Do Physiotherapists get ‘too attached’ to their title?

Author: Carl Davies

During the #physiotalk tweet chat tonight, an interesting discussion developed.  Many Physios, as they often do, began to tweet about how proud they are to be a Physio, how it define’s them and how important it is for them to identify as a ‘Physiotherapist’.   It was supposed to be about what it is like to be in non-clinical, non-traditional roles.  For a little while though, it seemed to get side-tracked on to how important it is to hold on to your professional title.  I chose to challenge, stating instead that I think moving into roles outside that of the ‘traditional Physiotherapist’ have moved me to a point in my career where I no longer ‘define‘ myself as a Physiotherapist.  It’s important to note the distinction, as I am not saying I am not proud to be a Physio, or that I am no longer a Physio.   Just that I no longer define myself by the title.

 

Some tweeted that they “always introduce themselves as a Physiotherapist” or that they “could be everything and still keep the physio title”, others said “once a Physio, always a Physio” and “I’ll never drop the Physio title” and others still decided to tell me that it was because I was a Physio that I was able to do the others roles I have done.   I’m not sure it’s as clear as that and it made me wonder why defining themselves by the Physiotherapist ‘title’ is so important to many?

 

Is it useful to define yourself by a title?  We generally try so hard not to be put in a box or labelled, but professional titles seem different?  Many seem to want to cling to it like a badge of honour, but does it actually impact on your ability to see beyond those boundaries? Being a Physiotherapist is something I trained for.  I learned those skills, gave my all to help my patients, and loved doing it….but then I also moved on.  Being a ‘clinician‘ (not a Physiotherapist per se) has been invaluable in developing my knowledge of health, the NHS, and the wider health & social care systems.  I think every profession holds a different perspective, which is why it is so important to get a seat at a table at which we can influence.  Waiting for roles that allow us to cling to our ‘Physio’ title (such as Head of AHP’s, or Associate Director of Therapies etc), though the numbers of such posts are growing, can limit opportunities for lots of great minds to have a voice in places that they are REALLY needed.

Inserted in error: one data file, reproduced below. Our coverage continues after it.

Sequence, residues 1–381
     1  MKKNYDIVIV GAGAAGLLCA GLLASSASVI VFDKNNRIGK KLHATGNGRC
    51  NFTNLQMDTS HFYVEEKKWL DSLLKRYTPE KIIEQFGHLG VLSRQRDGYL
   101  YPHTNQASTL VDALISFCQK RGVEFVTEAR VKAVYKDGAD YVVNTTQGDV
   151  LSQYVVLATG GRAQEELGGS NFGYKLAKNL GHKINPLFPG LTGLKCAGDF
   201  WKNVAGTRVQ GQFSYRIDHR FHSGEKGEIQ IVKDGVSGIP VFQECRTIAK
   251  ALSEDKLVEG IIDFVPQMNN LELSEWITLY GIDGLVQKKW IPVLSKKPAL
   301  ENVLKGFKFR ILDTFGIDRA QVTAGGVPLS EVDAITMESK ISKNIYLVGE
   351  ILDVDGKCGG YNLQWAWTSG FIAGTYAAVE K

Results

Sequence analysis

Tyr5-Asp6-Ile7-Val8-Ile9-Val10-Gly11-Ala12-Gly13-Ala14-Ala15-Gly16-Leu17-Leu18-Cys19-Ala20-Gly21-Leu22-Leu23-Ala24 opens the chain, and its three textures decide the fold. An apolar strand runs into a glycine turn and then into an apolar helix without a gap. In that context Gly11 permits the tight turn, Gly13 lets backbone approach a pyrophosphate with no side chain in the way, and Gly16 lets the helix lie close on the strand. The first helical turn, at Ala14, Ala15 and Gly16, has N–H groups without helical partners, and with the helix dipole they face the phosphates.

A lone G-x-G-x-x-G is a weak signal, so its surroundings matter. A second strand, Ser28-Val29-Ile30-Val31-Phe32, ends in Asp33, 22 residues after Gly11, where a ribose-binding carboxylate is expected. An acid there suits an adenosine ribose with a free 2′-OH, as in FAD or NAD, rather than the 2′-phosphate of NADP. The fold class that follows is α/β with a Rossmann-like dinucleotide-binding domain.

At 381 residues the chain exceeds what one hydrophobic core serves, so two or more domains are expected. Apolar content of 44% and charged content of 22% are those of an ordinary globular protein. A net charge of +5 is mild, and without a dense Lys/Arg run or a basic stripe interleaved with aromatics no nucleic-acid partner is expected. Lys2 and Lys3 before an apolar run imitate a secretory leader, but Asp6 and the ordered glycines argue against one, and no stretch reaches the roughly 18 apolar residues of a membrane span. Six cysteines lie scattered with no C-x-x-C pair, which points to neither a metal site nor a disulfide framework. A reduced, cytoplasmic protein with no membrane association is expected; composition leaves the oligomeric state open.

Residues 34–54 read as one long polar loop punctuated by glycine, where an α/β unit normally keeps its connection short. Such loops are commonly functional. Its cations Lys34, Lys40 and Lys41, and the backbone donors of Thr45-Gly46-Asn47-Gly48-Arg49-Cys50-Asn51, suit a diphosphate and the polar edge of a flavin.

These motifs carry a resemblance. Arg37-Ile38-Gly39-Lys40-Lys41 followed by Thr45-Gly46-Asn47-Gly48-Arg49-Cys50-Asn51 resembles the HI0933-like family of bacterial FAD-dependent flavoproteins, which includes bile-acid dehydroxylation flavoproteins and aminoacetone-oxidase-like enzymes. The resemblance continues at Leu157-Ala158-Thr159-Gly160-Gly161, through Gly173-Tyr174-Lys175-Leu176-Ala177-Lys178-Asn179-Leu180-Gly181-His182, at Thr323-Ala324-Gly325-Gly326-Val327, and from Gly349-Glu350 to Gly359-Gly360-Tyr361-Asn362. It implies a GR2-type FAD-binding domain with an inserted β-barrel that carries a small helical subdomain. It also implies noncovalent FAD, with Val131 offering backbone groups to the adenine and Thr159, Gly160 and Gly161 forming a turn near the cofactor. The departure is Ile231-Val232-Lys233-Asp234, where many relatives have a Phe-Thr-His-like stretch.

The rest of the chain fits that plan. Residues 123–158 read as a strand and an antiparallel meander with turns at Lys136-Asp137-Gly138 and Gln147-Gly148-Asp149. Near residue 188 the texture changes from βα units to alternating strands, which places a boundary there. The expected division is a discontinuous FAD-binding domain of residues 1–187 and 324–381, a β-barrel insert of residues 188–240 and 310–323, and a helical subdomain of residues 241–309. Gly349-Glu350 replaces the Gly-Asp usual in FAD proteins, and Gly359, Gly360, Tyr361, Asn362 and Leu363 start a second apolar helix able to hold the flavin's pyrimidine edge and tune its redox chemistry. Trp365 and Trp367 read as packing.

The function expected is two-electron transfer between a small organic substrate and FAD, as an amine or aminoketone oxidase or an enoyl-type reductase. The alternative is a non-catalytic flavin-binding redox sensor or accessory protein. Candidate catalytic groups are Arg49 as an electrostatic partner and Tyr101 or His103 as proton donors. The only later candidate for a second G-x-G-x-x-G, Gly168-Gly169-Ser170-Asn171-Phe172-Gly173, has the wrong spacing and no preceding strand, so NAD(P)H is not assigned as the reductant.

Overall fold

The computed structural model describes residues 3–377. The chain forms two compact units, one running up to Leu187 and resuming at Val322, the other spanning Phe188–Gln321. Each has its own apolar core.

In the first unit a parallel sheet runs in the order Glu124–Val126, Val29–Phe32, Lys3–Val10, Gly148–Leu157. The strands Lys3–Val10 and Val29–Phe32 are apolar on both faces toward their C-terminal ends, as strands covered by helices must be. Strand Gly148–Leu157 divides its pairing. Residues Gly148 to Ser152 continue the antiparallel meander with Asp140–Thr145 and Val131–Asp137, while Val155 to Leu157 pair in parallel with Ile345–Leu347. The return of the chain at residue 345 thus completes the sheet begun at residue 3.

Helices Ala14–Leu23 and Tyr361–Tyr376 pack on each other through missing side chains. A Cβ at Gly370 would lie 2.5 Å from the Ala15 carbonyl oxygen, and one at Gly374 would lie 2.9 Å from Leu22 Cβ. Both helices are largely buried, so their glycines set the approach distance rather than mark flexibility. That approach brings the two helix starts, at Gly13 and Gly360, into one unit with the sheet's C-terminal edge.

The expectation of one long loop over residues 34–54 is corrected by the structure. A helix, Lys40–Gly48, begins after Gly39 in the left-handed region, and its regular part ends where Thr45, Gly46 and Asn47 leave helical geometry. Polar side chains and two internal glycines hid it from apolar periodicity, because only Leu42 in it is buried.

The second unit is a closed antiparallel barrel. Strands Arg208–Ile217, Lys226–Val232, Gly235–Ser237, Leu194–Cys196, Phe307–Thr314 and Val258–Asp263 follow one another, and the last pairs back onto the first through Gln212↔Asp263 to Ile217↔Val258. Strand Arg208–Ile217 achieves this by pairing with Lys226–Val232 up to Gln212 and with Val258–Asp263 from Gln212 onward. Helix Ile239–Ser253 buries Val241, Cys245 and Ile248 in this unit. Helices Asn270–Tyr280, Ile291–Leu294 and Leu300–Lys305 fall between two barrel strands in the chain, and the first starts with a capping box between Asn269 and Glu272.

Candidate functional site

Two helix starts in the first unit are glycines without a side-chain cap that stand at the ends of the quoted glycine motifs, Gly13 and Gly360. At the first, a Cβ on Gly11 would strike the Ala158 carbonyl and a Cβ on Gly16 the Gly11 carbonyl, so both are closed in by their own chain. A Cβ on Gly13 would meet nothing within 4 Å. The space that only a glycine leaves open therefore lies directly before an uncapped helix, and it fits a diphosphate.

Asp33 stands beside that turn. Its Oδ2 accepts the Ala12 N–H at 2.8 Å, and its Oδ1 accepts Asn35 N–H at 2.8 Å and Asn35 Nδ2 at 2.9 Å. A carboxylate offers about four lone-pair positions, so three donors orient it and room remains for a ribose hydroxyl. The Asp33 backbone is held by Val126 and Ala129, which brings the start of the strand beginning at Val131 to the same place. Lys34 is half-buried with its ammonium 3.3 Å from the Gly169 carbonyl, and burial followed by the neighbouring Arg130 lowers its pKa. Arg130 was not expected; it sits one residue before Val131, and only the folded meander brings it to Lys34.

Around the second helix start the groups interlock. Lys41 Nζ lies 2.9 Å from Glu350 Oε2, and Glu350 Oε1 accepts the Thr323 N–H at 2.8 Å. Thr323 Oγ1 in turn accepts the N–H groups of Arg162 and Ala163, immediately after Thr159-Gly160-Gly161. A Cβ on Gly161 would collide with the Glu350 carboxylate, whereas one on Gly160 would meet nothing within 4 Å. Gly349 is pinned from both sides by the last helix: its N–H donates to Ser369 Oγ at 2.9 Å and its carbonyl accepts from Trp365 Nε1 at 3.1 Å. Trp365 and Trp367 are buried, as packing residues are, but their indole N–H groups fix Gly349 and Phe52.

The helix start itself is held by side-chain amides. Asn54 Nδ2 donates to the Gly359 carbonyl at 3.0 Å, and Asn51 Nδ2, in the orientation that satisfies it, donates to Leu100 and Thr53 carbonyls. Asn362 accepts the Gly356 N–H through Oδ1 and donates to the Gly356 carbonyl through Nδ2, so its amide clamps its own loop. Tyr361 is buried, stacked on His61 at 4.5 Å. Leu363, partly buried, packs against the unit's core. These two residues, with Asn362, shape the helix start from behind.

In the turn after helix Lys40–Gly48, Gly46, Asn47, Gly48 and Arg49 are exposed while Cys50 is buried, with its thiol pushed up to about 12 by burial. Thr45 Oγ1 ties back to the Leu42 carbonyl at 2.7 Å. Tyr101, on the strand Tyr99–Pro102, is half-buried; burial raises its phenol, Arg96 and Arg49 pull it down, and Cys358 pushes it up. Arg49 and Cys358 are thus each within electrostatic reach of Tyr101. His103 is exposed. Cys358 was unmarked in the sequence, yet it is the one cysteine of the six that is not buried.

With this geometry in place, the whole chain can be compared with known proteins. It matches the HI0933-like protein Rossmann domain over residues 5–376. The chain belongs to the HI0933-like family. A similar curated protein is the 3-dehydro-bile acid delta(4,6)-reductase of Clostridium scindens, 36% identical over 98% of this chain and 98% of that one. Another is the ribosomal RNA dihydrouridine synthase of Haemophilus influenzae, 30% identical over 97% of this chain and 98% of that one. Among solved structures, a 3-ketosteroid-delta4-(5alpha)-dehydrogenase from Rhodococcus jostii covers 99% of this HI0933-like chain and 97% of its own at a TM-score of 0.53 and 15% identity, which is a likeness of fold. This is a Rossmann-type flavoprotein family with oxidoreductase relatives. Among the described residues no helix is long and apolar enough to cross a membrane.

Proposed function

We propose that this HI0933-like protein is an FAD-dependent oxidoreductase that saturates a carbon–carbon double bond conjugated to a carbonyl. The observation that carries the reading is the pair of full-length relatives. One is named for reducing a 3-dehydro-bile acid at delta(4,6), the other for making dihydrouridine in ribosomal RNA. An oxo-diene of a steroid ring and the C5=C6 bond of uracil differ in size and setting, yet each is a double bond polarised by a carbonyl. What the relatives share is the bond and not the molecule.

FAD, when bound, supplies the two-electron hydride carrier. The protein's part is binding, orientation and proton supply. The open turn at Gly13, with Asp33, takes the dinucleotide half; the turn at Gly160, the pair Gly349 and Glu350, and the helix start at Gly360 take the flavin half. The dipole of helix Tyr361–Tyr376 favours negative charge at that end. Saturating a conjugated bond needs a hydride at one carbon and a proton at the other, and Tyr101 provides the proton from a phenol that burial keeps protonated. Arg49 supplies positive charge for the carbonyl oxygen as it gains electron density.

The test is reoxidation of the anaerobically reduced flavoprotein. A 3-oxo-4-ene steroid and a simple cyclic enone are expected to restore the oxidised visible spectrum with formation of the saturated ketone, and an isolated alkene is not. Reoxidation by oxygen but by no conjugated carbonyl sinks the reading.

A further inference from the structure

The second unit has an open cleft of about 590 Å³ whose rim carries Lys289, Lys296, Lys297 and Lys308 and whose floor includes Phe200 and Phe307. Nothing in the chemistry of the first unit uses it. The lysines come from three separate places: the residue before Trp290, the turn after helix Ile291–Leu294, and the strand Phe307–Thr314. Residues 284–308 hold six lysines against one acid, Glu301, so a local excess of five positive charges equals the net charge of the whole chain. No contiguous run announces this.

As a Physiotherapist, I grew as a person and as a professional, but I also saw its limitations, and became frustrated by a system in which problems seem to prevent myself and my colleagues giving the patient the best in care.  Some of the care being delivered didn’t appear to be evidence-based, patients arrived too late, had already been given poor care elsewhere, had travelled too far, had too many cancellations or there was too much variation between clinicians – the list went on and on.  They weren’t things I could fix as a clinician, nor as a ‘Physio’ service manager.  These were systemic problems, that were rife throughout every service of the NHS, and I believed I could see solutions for them.  I saw a way to make bigger changes and have a bigger impact, for greater numbers of patients than I’d ever be able to see in person, as a clinician.  However, doing that meant leaving behind a title I’d trained hard for.

 

Of course, I’d always be a Physiotherapist, but I’d could no longer say that my long-term career goals would be in a anyway associated with Physiotherapy.  Whenever I spoke to anyone about it, they all told me I was doing the wrong thing.  “You’ve trained for 3 years and worked your way up, don’t throw it all away” or “you won’t like management, it’s all paperwork and meetings”.  I’ll say now, it was the best decision I ever made.

 

To clarify, I am ‘proud‘ to be a Physiotherapist.  However, I’m no more proud than I am to have been a project manager, a County Councillor, a behaviour change specialist, a transformation specialist, a Commissioner or a senior manager.  Each one of those roles helped me develop skills that are invaluable to me today and have helped shape my journey to who I am, both as a professional and as a person.  Steve Jobs said: